Bank CEO Indicted for Approving Manafort Loans in Exchange for Position in Trump Administration

WASHINGTON, DC - FEBRUARY 28: Paul Manafort, former campaign manager for Donald Trump, exits the E. Barrett Prettyman Federal Courthouse, February 28, 2018 in Washington, DC. This is Manafort’s first court appearance since his longtime deputy Rick Gates pleaded guilty last week in special counsel Robert Mueller’s Russia probe.

Federal prosecutors in the Southern District of New York (SDNY) have charged Federal Savings Bank CEO Stephen M. Calk, 54, with corruptly soliciting a presidential administration position in exchange for approving $16 million in loans to twice-convicted former Trump campaign chairman Paul Manafort.

Audrey Strauss, the Attorney for the United States, Patricia Tarasca, the Special Agent in charge of New York Region for the FDIC Office of Inspector General, and William F. Sweeney Jr., the Assistant Director of the FBI’s New York field office, announced the unsealing of the indictment Thursday morning.

Calk is charged with financial institution bribery, prosecutors say, for “corruptly using his position as the head of a federally insured bank to issue millions of dollars in high-risk loans to a borrower in exchange for a personal benefit: assistance from the borrower in obtaining a senior position with an incoming presidential administration.”

According to the indictment, Calk “sought to leverage his control over the Bank and the loans sought by [Manafort]to his personal advantage.”

“Specifically, CALK offered to, and did, cause the Bank and Holding Company to extend $16 million in loans to [Manafort] in exchange for the [Manafort’s] requested assistance in obtaining a high-level position in the presidential administration,” the indictment continued.

Strauss said that Calk “abused the power entrusted to him as the top official of a federally insured bank by approving millions of dollars in high-risk loans in an effort to secure a personal benefit, namely an appointment as Secretary of the Army or another similarly high-level position in the incoming presidential administration.”

She also noted that his scheme was ultimately fruitless, stating that “Calk’s alleged attempt to obtain such an appointment was unsuccessful, and the loans he approved were ultimately downgraded by the bank’s primary regulator,” before thanking the FBI and FDIC OIG for their “outstanding work” in charging Calk.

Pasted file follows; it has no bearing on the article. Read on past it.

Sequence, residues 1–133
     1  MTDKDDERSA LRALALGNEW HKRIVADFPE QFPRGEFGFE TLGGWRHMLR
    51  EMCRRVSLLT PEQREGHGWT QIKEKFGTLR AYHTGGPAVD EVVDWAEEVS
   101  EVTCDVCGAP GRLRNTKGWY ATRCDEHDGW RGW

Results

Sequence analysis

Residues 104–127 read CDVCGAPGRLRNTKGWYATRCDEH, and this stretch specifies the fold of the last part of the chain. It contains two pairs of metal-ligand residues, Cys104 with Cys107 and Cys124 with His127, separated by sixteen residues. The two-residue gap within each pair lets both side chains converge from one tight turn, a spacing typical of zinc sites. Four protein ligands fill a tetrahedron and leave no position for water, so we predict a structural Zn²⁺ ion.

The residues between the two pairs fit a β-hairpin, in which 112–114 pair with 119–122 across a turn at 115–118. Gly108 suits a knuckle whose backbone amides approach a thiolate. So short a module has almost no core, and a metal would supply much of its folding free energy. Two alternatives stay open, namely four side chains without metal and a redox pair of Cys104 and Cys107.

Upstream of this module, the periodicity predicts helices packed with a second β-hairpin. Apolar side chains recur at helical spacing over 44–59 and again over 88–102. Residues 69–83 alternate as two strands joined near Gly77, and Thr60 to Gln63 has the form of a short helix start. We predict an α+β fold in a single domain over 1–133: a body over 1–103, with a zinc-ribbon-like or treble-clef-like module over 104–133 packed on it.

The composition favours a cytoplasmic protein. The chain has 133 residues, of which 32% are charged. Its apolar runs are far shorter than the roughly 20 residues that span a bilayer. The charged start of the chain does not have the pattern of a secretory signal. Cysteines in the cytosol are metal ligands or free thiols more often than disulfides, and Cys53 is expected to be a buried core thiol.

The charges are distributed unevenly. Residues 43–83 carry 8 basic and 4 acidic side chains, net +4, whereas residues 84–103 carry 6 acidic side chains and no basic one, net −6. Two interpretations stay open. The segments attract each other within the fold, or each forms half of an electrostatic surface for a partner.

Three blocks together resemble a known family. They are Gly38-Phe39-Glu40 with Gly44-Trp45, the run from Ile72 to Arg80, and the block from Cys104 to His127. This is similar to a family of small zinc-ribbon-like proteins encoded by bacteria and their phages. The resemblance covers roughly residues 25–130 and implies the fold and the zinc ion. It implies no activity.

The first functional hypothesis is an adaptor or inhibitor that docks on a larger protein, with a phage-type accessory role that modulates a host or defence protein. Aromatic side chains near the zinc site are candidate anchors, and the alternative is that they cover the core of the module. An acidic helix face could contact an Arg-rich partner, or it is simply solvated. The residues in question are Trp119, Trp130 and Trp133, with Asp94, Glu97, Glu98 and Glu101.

“Calk went to great lengths to avoid banking violations in an attempt to secure a senior position in a presidential administration. He curried favor with an influential Borrower, exploited his position as CEO of the Bank and the Holding Company, and exercised control over the Bank and the Borrower’s loans, intentionally turning his back on the many red flags posted along the way,” Sweeney added in a statement.

Law&Crime has previously reported on the emails exchanged between Manafort and Jared Kushner in which the former describes Calk as “an active supporter of [the] campaign since April,” noting his many television appearances in support of Trump’s agenda. Manafort then relayed Calk’s “preference” to be named Secretary of the Army.

The maximum sentence for one count of financial institution bribery is 30 years in prison (it should be noted that this is a maximum not a likelihood). Calk is expected to appear before US Magistrate judge Debra Freeman Thursday afternoon.

[image via Drew Angerer_Getty Images]

Jerry Lambe is a journalist at Law&Crime. He is a graduate of Georgetown University and New York Law School and previously worked in financial securities compliance and Civil Rights employment law.

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